oh, sorry, i realize i didn’t read your post very carefully. i thought you were saying that questioning people’s identities is as rational an attitude as questioning homeopathy. apologies.
having said that, i will note that Natalie Reed has a very pertinent essay up today:
i’d be really curious to hear everyone’s opinion about it.
Personally, I think this is one of those things that all comes out in the wash. Even if it is a case where they person says they identify a particular way and then runs for an elected position if it turns out that they only did it to get elected in the first place, it will eventually out. That person will rightly be marked as a total douchebag and it will then continue to be the case that it was one person acting irresponsibly and they should be punished for it, everyone else who obeyed the rules shouldn’t then have to answer invasive questions for what most people would treat as obvious.
People talk about cases where men would apparently dress as women and then pretend to be trans* to get into women’s toilets, but in all my time reading that sort of argument, I don’t think I’ve read about a case where it has actually happened. Creepers wind up in women’s toilets all the time, but as far as I can tell they don’t falsely identify as trans women to do so.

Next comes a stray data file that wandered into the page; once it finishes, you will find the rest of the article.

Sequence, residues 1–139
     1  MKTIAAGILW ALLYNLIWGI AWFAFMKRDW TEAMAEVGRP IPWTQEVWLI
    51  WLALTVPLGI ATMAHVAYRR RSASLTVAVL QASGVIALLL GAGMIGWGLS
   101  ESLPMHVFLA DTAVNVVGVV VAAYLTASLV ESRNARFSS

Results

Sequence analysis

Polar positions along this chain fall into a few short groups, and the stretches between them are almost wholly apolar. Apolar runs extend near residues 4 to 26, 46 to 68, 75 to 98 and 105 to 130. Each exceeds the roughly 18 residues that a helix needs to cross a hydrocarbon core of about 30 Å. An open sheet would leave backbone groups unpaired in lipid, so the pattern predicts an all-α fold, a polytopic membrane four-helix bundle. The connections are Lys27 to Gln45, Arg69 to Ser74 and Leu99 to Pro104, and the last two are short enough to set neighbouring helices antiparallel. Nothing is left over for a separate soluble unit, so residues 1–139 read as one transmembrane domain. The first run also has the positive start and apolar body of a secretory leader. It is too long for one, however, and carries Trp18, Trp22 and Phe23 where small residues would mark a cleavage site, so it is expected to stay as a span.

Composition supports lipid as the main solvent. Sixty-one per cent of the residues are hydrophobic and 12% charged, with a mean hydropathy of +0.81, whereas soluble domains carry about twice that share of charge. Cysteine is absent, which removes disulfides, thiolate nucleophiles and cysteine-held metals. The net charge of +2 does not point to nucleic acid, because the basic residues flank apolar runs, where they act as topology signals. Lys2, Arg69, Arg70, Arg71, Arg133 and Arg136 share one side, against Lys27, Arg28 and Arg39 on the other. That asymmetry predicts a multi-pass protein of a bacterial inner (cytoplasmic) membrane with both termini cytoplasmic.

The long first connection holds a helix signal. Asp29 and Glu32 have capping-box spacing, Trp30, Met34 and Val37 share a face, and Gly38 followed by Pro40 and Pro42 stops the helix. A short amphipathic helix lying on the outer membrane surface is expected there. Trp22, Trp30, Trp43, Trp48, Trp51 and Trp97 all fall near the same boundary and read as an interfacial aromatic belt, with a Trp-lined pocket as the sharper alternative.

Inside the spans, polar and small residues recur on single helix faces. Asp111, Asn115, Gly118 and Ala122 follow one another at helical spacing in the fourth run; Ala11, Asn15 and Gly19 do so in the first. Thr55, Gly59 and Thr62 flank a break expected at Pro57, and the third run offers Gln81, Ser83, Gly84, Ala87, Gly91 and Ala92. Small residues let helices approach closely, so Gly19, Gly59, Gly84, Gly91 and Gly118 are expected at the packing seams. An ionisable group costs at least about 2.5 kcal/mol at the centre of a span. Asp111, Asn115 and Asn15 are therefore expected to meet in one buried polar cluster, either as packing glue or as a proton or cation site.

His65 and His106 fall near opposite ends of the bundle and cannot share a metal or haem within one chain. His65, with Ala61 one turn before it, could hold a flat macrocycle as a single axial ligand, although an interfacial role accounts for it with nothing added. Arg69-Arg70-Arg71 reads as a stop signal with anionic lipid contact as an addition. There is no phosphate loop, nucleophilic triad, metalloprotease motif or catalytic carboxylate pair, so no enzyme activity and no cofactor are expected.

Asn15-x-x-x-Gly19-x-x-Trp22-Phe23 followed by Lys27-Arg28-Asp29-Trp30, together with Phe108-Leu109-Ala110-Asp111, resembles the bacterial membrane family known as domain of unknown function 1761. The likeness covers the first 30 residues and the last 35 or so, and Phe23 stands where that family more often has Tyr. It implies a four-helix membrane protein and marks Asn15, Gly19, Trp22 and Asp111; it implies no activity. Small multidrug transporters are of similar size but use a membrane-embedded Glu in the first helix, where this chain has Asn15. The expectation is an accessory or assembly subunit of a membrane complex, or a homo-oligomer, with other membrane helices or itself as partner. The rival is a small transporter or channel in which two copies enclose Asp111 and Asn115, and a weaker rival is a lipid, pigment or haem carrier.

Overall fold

Also, identities can change, if someone says they identify as something in particular at a certain point in time why would asking them again, or asking them to prove it, change anything? How can we even set up a standard of proof? Like discussing whether you could ever come up with a good proof that a religion is correct, we’re never going to reach a consensus as to what is a good enough proof so the question then seems rather hollow.